Tim Maul is an artist and critic who lives in New York.
The last space one enters after threading through an exhibition in New York’s Metropolitan Museum of Art contains tables, chairs, and a variety of catalogues and other publications pertaining to the show we have just experienced. Attendant to museum shows or as art itself the archive and reading room is a common presentation strategy in tedious ‘relational aesthetic’ manifestations dependent upon the academy, blue chip gallery, or any institutionally sanctioned locale. Decades ago, Joseph Kosuth merged the site of the library with the art context. Kosuth’s challenging art cannot escape the connoisseur, whose eye he attempted to redirect to the scholar’s page – however ‘style’, as Ed Ruscha noted, exists even in the casual display of a chair . Kosuth’s 2011 exhibition Samuel Becket, in Play at Sean Kelly Gallery offers, through the elegant installation of three works, the opportunity to reconnect with the art of this important figure. From here in I will use the term ‘conceptual’ to categorize art made for mind, page, wall, or for objects that many of Kosuth’s peers held in revulsion – at least for that time. Kosuth may welcome the term ‘conceptual artist’ as Paul McCartney would ‘ex-Beatle’.
Kosuth graduated art school in the mid-60s, establishing, along with Christine Koslov, a storefront gallery in the East Village which hosted several shows, notably Fifteen Artist Present Their Favorite Book (1967), before emerging from a tight field in the competitive climate that followed minimalism. Kosuth exhibited no premature or transitional work; his signature style employed minimalism’s visual language (pristine surfaces, seriality, etc) to demonstrate ideas culled primarily from the writings of Ludwig Wittgenstein, whom Jasper Johns had introduced into the conversation of art, changing how it was made, written about, and received. Kosuth risked costly production for the period, employing glass, neon, and photography to actualize the process of seeing / reading. Compared to other local conceptualists – Robert Barry, Lawrence Weiner, Douglas Huebler, Dan Graham, and Mel Bochner (a post-minimal checklist sensibility prevails here), Kosuth’s art was deemed ‘ambitious’ in that his ideas resulted in physical things, earning the artist accusations of heretical ‘materialism’. This new puritanical strain had many origins – but Sol Lewitt’s 10 Sentences on Conceptual Art, which was published by the austere Art & Language press (of which Kosuth was briefly American editor), held biblical sway in a movement that strove to purge art of all but the unseen pleasures of the intellect – cool art in hot political times. The conceptual, while utopian in its employment of new technologies that could transmit information everywhere, expressed little belief that that art could affect anything other than art.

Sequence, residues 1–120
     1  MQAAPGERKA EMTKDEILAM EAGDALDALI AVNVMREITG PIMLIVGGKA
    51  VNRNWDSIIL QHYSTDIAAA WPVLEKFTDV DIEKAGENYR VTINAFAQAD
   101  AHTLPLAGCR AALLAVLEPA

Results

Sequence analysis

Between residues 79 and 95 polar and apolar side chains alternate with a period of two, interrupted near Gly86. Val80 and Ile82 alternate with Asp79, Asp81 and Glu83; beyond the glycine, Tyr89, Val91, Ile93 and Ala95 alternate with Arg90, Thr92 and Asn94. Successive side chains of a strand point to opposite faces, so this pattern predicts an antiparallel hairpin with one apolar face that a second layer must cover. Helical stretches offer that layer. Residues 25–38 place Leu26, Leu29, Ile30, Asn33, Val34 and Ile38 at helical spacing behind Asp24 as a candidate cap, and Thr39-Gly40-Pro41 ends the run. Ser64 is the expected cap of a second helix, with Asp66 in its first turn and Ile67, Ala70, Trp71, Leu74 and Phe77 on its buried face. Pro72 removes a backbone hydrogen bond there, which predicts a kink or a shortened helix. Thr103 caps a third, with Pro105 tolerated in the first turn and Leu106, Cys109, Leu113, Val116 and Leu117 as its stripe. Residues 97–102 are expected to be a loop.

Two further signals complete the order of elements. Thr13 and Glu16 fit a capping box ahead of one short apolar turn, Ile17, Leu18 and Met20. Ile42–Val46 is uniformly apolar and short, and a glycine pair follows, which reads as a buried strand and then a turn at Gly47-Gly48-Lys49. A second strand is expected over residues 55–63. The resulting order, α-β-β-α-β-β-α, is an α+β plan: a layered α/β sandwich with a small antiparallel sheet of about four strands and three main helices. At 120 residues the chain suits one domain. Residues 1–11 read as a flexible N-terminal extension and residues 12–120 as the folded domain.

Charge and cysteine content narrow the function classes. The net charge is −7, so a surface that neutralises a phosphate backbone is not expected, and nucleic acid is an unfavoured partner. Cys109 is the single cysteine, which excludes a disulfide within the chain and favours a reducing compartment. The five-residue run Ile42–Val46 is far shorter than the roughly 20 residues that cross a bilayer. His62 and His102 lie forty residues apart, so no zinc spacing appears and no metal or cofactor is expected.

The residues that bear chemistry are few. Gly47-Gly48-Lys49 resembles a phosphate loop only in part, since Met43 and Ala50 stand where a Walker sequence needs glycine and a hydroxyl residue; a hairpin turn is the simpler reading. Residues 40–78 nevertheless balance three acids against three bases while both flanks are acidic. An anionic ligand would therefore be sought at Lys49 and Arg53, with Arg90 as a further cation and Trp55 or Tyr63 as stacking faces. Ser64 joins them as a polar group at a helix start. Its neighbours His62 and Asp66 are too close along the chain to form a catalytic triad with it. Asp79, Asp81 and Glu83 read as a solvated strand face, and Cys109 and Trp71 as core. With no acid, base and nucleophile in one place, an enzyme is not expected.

Kosuth had formulated a position of ‘Art as Idea as Idea’, continuing a chain of thinking from Malevich through Duchamp, Johns and Stella – whose ‘black’ paintings along with Ad Reinhardt’s seemingly empty canvases are important precedents. Kosuth’s enlargements from Webster’s Thesaurus along with his extension of the readymade with his object, image, and definition pieces of the late ‘60s. are classic works of the conceptual movement, rewarding the artist with early defining moment(s) (2).
At Sean Kelly, Titled (Art as Idea as Idea), (1968) occupies three walls of a medium-size gallery space. Paintings finally, white sub-definitions of the word ‘nothing’ are centrally located upon each canvas. In physical terms, the ten 48” x 48” black squares ‘hold the wall’ very well, a great deal of ‘something’ produced out of ‘nothing’.
Their proportions may suggest the aggressive scale of ‘hard edge’ or ‘color field’ painting that followed on the heels of Pop. The dictionary’s lettering font differentiated Kosuth from other ‘words on the wall’ artists Weiner and Barry, who by the ’70s were strongly identified with specific styles of lettering. How would this choice of text font contribute to these artists’ future reception? Barry’s words soothe, the ubiquitous Weiner syntax is singularly Euro-efficient. Mel Bochner’s recent hand-lettered ‘rant’ paintings are refreshingly cranky. Did the blocky nineteenth-century ‘wanted poster’ lettering chosen by Les Levine undermine his movement up the cultural ladder? Kosuth was the best designer of this group – a single-employee ad agency conducting each ‘one man show’ as mini campaign on gallery walls, in magazines, and by the all-important postcard invitation – often the only proof that an exhibition happened at all. Kosuth’s use of the reversal or negative of a text image is also provocative. In the production of the now obsolete Photostat, a same-size negative of the ‘original’ was made to print positives off of. How would standard black-on=white text fared instead of its opposite? Are we reading a ‘negative’ or an original? Printed language in tandem with photography soon became familiar along with other documentation to the ‘Body’ and ‘Narrative’ offshoots of the movement. Encountering ‘nothing’ retained the thrill of engaging with a radical art that, as the ‘come together’ ’60s shambled to a close, was as exclusionary and forbidding as a downtown art bar.